John Humphrey ’88 was a hard-nosed four-year starter and captain for Russ. He became the program’s all-time leading scorer in part because of Russ’s run-and-shoot offense.“Two minutes into one game my senior year,” recalls Humphrey, “after a turnover and a missed shot, Coach took me out and let me stew for seven or eight minutes. When he finally put me back in, I was in full rage. I had a pretty strong game from that point on, and we won comfortably. After the game, icing in the trainer’s room, I was still upset. I said to him, ‘What the hell were you thinking?’ He answered, ‘You always play better when you’re pissed off.’ And he was right.”
Russ worked hard over time to rein in his Irish temper, which flared in later years mostly on the golf course. (“I think there still may be a golf club or two floating down the Androscoggin,” says Jane. “And more than one or two up in the trees at the Middlebury course.”) He screamed at referees, flung his sport coat; and one time, notoriously, kicked over a courtside chair. He wasn’t afraid to show his competitive side. “I hate the color purple,” he said more than once. “I don’t want to be anything like Amherst or Williams. Especially Amherst. There’s something about them . . . it just makes you want to knock the stuffing out of them.”
He dedicated himself to preparation. In the summers he worked the circuit of basketball camps, befriending other coaches around the Northeast and picking the brains of the best of them.
But from early on, Russ’s strengths as a basketball coach and teacher were innate. Despite the wide-open style of play he loved, in his own work he was disciplined and detail-oriented—the same way he’d be in the football booth, the same way he obsessed over the cutting of his own lawn, the way he painted houses in the job he took in the summers to help pay the bills.
Years after they graduated, players would recall him as the most organized coach they had ever played for. He ran his practices on time and to the minute. In between game drills, he squeezed in conditioning sets while the boys “rested.”
He was relentlessly positive. One of his daily rituals was walking into the trainer’s room and bellowing, “It’s a great day to be a Middlebury Panther!” No matter how he was feeling, when asked how he was, he answered, “I’m doing amazing!” After games, he didn’t dwell on wins or losses but picked out positive aspects of the play and reinforced them. His optimism was infectious. He believed so strongly in his players that they grew to believe in themselves.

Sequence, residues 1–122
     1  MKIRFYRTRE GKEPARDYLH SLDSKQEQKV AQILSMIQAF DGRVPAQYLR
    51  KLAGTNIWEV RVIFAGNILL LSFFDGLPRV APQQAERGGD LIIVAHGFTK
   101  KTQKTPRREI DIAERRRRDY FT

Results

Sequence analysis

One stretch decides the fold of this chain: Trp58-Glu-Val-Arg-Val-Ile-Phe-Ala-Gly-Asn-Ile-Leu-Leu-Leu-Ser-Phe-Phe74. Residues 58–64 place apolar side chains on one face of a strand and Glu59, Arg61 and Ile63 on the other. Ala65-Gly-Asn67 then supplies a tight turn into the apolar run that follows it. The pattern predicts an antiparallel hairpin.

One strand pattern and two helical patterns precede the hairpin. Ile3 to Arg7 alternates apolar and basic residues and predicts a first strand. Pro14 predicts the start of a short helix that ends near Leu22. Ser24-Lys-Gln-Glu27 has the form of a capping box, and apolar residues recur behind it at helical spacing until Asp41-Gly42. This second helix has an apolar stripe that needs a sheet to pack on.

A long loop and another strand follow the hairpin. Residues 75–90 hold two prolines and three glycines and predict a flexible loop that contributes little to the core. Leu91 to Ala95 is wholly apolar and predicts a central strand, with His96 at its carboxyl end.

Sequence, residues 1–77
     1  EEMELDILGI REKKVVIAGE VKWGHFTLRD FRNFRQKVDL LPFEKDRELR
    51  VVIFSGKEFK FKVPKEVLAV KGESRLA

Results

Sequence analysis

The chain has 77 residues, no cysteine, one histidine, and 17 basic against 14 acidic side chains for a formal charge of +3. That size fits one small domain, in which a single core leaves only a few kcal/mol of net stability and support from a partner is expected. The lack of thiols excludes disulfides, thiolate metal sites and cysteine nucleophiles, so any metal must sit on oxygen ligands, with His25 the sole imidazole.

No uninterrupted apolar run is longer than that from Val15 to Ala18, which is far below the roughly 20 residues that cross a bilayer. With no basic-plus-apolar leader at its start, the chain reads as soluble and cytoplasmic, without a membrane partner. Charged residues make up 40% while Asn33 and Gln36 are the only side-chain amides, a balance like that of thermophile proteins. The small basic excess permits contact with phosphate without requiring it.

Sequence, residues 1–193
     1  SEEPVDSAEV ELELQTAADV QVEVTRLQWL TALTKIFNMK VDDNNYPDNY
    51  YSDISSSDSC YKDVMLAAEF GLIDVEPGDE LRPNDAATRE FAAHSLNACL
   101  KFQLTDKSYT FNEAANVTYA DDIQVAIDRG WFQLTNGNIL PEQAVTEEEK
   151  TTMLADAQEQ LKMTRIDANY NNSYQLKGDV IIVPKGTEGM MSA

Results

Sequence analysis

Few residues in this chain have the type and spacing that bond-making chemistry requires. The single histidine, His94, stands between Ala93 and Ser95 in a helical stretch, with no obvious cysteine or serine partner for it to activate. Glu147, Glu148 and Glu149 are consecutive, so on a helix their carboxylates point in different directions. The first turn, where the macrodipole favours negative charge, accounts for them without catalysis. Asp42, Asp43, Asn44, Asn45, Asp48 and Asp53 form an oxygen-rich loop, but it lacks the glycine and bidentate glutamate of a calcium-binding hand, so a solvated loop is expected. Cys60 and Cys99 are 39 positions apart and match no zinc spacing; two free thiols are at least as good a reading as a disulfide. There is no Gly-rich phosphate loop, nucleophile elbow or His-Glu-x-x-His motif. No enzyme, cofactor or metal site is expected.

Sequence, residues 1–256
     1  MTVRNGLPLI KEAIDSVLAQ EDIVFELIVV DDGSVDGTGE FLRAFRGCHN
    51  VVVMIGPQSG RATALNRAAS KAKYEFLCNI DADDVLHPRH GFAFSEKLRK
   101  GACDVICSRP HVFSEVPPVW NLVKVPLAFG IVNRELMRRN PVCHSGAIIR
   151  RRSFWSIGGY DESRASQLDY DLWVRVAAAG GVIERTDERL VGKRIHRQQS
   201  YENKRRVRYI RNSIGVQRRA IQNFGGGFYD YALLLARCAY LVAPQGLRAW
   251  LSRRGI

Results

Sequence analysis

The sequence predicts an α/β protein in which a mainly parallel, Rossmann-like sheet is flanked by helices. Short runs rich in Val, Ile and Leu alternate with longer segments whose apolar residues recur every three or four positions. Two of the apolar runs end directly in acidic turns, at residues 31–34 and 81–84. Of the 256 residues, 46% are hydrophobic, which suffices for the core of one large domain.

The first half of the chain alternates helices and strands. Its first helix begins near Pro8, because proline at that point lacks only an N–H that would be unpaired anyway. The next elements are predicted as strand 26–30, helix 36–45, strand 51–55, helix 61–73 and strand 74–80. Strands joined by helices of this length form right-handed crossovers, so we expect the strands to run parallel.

More than anything else, Russ coached the game the way he lived, with humanity and compassion. He preached the importance of teamwork. He talked to his players about their lives, their classes, got to know them off the court. He welcomed them into his house, hosted dinners for them, gave a place to stay to anyone stranded over the Thanksgiving holiday, gave references, opened doors, modeled generosity and the importance of community and personal relationships. Russ and Jane made it a point to get to know the parents of the players and became lifelong friends with many of them. Their daughters were a constant presence in the field house. They made art projects out of blister pads and gauze, kept stats at away games, made the players part of the Reilly extended family. It was all of a piece.
He learned of a local fan named Butch Varno, whose cerebral palsy made it difficult to travel, and became head of a posse that made it possible for Butch to attend games. He helped institutionalize a game-day ritual that became known, simply, as “picking up Butch.” His basketball players became responsible for doing just that for every home football game. The football team, in return, picked up Butch and brought him to Panther basketball games, where he sat behind the team bench.
In time, Russ and Butch created a deep bond, and the players learned something special. Forty-five years after Butch was picked up for the first time, what had been a private local story made national news. On CBS television in 2007, Russ said, “Once you met Butch, you became a friend for a lifetime. For those kids who come from fairly affluent backgrounds at our institution, having the opportunity to go down and pick Butch up in his environment . . . that was a life education they couldn’t get in a classroom.”
Over 19 seasons, Russ coached 433 basketball games, a NESCAC-record at the time. He received a merit award from the National Association of Basketball Coaches for his years of service and was selected by his peers, in 1988, as the NABC Northeast District and UPI New England Division III Coach of the Year. In 1996, Russ achieved his other dream when he was named athletic director, succeeding Tom Lawson for a second time.
As athletic director, Russ oversaw the construction of the Chip Kenyon ’85 Arena, Kohn Field, and a softball diamond, along with extensive expansions and renovations of the fitness center and field house. He staunchly advocated for the role of coaches as educators, ensuring that the “student-athlete” model at Middlebury remained paramount. On his watch, without a whiff of scandal or impropriety, playing the games the right way, Middlebury teams won 35 NESCAC championships and 22 NCAA Division III titles.
When Russ retired as AD in 2006, the same year he was inducted into the New England Basketball Hall of Fame, then president Ronald Liebowitz said that “Russ Reilly has been the understated but essential force” in Middlebury’s program, responsible for setting the tone that defines our values.